Restricted Visibility……and things that go “bump” in it……

Restricted visibility – fog, rain, snow, mist, haze, smoke, etc. – can make a normal watch seem hours longer and make even the most mundane transit stressful.  Very frequently, unless we see a fog bank roll in, the visibility deteriorates gradually and we are left wondering if this is restricted or not.  The moment we ask ourselves that question, is the moment we should start considering it restricted, however.

Complacency and fatigue are two oft mentioned factors that play into incidents on the water.  Unfortunately, on smaller vessels – particularly those with only two watchstanders and a 6-on/6-off rotation, calling the captain for a scenario such as restricted visibility immediately cuts into his already limited rest.  The fact of the matter is that once restricted visibility sets in, we have to take action.

Guidance?  There’s plenty of guidance out there – COLREGS (better known as the Rules of the Road) Rule 19 is a great place to start.  It talks about the use of radar, having a dedicated lookout and travelling at a safe speed.  And then there is Rule 35, which discusses the sound signals required “in or near an area of restricted visibility.”  That means even if we are only near – not necessarily in – restricted visibility, we must be taking some actions such as the appropriate sound signals.

If you are looking for more guidance, check out the ICS Bridge Procedures Guide (an old copy here).  There is a decent checklist for navigation in restricted visibility in it.  While it might seem counter-intuitive to pull out a checklist and potentially distract yourself while in restricted visibility, if it is used as the situation develops or before you take over the watch, it might be well worth your while.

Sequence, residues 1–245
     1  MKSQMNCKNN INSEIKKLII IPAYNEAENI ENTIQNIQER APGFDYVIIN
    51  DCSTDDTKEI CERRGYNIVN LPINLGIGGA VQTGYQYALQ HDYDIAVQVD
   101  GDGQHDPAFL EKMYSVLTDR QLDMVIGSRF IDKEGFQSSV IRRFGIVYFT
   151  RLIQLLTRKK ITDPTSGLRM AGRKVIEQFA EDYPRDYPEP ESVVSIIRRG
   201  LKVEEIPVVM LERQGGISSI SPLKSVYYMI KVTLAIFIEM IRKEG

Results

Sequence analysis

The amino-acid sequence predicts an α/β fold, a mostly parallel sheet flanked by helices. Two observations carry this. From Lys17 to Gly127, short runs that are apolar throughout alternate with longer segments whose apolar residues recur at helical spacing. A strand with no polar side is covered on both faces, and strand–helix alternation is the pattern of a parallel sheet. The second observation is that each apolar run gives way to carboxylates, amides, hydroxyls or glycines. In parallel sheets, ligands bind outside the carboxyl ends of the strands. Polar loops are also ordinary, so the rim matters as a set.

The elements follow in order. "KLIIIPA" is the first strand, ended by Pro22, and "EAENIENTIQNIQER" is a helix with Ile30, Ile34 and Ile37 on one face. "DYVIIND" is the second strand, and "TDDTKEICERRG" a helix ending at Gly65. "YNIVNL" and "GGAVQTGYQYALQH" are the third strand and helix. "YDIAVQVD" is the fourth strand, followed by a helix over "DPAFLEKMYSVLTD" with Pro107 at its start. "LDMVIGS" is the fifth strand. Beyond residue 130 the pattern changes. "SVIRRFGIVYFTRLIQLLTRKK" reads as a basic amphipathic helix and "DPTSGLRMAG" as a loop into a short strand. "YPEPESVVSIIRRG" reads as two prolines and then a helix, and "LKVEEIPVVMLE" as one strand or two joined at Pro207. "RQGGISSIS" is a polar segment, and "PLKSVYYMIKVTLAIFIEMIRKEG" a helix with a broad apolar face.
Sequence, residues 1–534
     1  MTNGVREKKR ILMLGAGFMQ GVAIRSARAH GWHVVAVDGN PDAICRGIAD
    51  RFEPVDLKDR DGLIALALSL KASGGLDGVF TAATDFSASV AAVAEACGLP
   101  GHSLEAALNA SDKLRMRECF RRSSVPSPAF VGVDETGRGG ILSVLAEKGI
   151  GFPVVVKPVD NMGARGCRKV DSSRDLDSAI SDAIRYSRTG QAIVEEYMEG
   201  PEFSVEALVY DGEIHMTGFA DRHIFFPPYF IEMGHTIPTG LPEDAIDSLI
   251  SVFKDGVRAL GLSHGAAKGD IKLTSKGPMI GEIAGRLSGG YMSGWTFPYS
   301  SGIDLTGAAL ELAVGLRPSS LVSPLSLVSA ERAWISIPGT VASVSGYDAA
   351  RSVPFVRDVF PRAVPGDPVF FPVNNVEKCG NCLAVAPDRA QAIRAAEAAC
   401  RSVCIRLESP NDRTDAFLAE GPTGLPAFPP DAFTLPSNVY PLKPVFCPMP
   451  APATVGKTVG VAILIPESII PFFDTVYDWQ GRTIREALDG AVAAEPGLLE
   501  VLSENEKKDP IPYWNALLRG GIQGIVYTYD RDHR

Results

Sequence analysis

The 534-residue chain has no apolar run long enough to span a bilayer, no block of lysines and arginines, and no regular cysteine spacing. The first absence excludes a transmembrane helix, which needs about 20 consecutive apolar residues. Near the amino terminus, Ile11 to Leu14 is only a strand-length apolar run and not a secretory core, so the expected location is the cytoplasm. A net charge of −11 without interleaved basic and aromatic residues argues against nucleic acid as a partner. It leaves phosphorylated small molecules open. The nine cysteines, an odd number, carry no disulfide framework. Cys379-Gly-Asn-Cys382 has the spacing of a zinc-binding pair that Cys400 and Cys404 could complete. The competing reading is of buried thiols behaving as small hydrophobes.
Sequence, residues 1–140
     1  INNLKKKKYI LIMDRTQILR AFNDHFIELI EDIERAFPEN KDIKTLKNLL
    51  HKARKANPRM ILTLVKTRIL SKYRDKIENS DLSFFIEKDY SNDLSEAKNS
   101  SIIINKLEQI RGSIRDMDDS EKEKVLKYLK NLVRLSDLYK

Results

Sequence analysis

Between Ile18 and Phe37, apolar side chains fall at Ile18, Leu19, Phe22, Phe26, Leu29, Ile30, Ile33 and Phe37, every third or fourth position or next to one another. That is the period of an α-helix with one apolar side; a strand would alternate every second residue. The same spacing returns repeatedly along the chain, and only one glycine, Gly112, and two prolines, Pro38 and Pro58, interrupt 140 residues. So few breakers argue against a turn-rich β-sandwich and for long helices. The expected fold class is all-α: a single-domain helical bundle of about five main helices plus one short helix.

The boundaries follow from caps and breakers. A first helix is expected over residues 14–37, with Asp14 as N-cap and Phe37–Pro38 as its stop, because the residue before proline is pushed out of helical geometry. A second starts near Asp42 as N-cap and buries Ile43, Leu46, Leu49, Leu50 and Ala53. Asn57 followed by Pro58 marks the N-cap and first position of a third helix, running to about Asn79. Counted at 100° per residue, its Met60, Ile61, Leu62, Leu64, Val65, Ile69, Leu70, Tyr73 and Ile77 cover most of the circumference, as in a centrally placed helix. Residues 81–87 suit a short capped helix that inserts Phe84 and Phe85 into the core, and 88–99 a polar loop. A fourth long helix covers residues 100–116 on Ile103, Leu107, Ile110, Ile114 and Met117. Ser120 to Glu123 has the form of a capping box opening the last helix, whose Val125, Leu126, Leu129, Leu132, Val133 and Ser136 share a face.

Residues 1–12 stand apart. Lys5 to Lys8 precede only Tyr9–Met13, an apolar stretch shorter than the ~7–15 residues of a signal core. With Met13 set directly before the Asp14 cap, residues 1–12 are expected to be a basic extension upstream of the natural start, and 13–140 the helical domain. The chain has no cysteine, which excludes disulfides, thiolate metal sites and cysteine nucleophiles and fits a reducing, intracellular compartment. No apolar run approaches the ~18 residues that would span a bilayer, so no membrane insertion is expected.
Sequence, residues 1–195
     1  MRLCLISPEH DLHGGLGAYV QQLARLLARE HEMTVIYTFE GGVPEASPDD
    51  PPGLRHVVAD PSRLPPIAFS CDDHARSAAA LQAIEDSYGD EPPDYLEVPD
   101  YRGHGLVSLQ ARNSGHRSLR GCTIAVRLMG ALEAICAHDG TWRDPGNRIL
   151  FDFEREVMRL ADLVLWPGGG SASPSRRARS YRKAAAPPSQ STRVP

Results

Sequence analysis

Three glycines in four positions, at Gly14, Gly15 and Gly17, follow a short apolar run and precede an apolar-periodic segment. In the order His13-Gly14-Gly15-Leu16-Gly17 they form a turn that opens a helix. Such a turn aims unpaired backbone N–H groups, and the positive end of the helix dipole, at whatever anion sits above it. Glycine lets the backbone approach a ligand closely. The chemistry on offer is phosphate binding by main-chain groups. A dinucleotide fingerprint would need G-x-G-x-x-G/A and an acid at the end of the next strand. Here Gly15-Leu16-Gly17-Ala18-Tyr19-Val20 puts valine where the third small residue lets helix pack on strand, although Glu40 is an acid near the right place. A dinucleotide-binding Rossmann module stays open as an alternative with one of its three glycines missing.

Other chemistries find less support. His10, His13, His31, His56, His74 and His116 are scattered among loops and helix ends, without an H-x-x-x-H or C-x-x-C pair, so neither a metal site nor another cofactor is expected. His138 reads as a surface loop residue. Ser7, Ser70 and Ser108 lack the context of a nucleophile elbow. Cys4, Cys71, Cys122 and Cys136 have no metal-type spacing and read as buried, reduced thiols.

And speaking of things that go “bump” in restricted visibility, take a look at the NTSB report below – and consider what the captain/mate might have done or what you would do in a similar situation.

Additional Reading and Links

NTSB – OSV Tristan Janice Platform Allision – February 2014

USCG – Navigation Rules – International-Inland

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Risk Moment : Avoiding the Wrath of PSC…..

Image courtesy of shipspotting.com

Image courtesy of shipspotting.com

The crew of the tanker Overseas Jademar are sitting at anchor in Port Angeles, Washington this morning.  As the vessel was detained by the U.S. Coast Guard yesterday after a port state control (PSC) inspection, they are likely effecting the necessary repairs to clear the deficiencies and get back to moving cargo.  With a charter rate of $15,000 to $20,000/day, you can only assume there is significant pressure from the home office to do so quickly.

The deficiencies listed in the USCG press release of February 10th include fire doors that do not close automatically, missing or damaged gaskets on fire hoses and an inoperable emergency position indicating radio beacon (EPIRB).  When taken individually, these do not seem enough to detain a vessel, but taken as signs of a systemic breakdown in the maintenance of lifesaving and firefighting equipment, they may be the tip of the iceberg.  Unfortunately, many of us have signed on vessels and found the same or similar conditions.  Long story short, we may be in danger of being detained ourselves if we allow these conditions to persist or occur.

How to help ourselves?  We can start by taking the inspections of lifesaving and firefighting equipment seriously. To put it mildly, we are only helping ourselves to have this equipment in good condition.  It is very common to have the 3rd mate/officer conduct the firefighting and lifesaving inspections.  This, however, does not relieve the master and/or chief officer of the responsibility of ensuring these inspections (and maintenance!) are conducted properly.  One 3rd mate pencil-whipping the inspections for several months could put you in the same situation as Overseas Jademar!  Continuing on, we can become familiar (or re-familiarize ourselves) with the links below.  While information comes at us from many angles in an ever-increasing deluge, spending a little time here may pay great dividends when the general alarm starts ringing…….or the inspector comes calling…….